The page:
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The SEC's case against Dozy Mmobuosi sets his ultimate downfall

Dozy Mmobuosi is a Nigerian businessman and tech entrepreneur who is the founder and former CEO of Tingo, Inc., a technology and device-as-a-service platform aimed at accelerating digital commerce in Africa. Tingo is listed on the New York Stock Exchange (NYSE).

The U.S. Securities Exchange Commission (SEC) has charged the Nigerian businessman, who bid for an English Premier League football club with “massive fraud,” alleging that he and his three companies inflated their financial metrics to defraud investors.

The charges of massive fraud include the following: (1) fabrication of financial statements and documents of the companies and their Nigerian subsidiaries, (2) making material misrepresentations about the companies' business operations and financial success in press releases, SEC filings, and other public statements, (3) fabricating customer relationships to inflate the basis of their purported businesses, (4) siphoning off funds for personal benefit (luxury cars, travel, attempted acquisition of a Premier League team). And the alleged damages include defrauding investors worldwide through the aforementioned schemes and obtaining hundreds of millions in money or property through these schemes. Mr. Mmobuosi has called these accusations “baseless” and claimed that he will fight them “vigorously.”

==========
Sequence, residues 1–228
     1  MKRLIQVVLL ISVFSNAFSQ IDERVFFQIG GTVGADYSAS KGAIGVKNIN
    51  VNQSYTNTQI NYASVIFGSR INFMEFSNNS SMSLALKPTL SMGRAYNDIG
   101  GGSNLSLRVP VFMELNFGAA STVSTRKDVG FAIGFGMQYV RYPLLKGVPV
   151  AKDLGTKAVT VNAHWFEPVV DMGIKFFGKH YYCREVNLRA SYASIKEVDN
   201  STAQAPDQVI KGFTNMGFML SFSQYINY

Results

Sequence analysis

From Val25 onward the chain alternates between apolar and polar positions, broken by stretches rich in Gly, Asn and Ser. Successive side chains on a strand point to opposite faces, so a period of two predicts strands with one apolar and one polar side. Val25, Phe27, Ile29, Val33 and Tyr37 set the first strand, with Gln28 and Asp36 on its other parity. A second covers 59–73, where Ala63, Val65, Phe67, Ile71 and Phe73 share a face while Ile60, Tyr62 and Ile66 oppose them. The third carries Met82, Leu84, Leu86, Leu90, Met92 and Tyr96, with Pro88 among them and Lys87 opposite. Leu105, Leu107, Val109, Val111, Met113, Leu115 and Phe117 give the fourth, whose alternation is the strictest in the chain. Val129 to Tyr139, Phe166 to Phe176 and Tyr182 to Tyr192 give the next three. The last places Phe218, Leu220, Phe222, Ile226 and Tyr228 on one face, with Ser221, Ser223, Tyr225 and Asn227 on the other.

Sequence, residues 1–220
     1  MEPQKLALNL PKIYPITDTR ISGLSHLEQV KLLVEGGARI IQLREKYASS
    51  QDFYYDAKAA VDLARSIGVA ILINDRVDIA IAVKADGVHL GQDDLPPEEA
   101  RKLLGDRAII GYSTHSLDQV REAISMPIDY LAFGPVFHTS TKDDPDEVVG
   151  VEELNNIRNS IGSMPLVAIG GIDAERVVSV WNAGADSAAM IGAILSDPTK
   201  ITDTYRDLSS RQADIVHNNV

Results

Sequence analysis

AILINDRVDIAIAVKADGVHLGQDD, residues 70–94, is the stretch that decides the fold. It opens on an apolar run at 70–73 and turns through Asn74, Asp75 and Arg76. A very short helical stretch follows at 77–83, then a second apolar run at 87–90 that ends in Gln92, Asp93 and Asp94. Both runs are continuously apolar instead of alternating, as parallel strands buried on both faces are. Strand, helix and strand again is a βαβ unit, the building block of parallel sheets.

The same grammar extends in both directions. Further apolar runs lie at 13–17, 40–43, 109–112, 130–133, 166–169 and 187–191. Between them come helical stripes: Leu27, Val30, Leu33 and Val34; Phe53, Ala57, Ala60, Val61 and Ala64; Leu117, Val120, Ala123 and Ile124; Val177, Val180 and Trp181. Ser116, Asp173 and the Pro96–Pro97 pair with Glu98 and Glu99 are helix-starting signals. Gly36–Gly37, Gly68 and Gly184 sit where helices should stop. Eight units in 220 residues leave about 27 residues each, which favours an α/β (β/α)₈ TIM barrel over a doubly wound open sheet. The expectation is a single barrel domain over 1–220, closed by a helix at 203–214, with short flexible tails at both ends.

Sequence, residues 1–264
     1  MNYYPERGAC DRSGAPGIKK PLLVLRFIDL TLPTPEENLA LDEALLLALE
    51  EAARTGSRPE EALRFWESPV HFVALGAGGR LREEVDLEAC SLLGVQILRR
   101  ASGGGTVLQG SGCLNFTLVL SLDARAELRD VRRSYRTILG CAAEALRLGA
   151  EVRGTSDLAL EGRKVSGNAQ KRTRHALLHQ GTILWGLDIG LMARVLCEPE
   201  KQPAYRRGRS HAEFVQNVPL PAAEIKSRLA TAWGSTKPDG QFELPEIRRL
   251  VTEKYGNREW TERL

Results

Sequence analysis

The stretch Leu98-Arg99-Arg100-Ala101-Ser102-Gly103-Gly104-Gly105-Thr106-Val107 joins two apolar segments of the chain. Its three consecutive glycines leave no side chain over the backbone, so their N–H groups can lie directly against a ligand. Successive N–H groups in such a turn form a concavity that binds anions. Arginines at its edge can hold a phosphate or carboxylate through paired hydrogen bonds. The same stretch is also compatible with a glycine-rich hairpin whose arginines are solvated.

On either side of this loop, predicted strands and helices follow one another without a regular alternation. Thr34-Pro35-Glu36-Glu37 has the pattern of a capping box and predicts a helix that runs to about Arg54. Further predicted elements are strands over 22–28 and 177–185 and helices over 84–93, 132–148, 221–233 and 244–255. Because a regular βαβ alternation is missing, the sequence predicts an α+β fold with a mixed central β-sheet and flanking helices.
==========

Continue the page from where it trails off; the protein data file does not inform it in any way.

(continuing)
The house of cards of Mr. Mmobuosi started to crumble when short-selling investment firm, Hindenburg Research, decided to take a close look into Tingo, Inc. and its founder. Hindenburg Research has built a reputation for being notoriously effective at exposing corporate fraud and bringing the master of the fraud down. Trevor Milton of Nikola Corporation; Gautam Adani of the Adani Group; and Carl Icahn of Icahn Enterprises were prior victims of Hindenburg Research. They each fell and lost considerable market share once Hindenburg took an interest in their case. Some even went to jail (as was the case with Trevor Milton, founder & former CEO of Nikola Corporation). Now, it is the turn of Dozy Mmobuosi and his company, Tingo Group, to be exposed by Hindenburg Research.

Tingo Group's Stock Price

Source: Yahoo Finance

In June 2023, Hindenburg Research accused Tingo Group of being "an exceptionally obvious scam" with fabricated financials and customer base. Tingo Group obviously denied the accusations. They claim their financials are accurate and criticize Hindenburg's report as based on "numerous errors of fact." Tingo's share price plummeted by over 50% following the report's release.

The scope of the fraud is staggering,” wrote the SEC in the 72-page complaint. “Since 2019, defendants have booked billions of dollars’ worth of fictitious transactions, through two Nigerian subsidiary companies Mmobuosi founded and controls, reporting hundreds of millions of dollars of non-existent revenues and assets.” The SEC suspended trading of Tingo shares in November 2023, citing “questions and concerns” surrounding the company.

If the alleged crimes that Dozy Mmobuosi is accused of, happened to be true, he will face serious legal, financial, and reputational consequences. The SEC could seek significant financial penalties from Mmobuosi and the companies involved. These penalties could run into the hundreds of millions of dollars, depending on the extent of the alleged fraud. If found guilty, Mmobuosi might be ordered to pay back any money or property he obtained through the alleged fraud. This could potentially bankrupt him and the companies involved. And even if he is ultimately cleared of the charges, the allegations of fraud could seriously damage Mmobuosi's reputation as a businessman and entrepreneur. This could make it difficult for him to raise capital or do business in the future.


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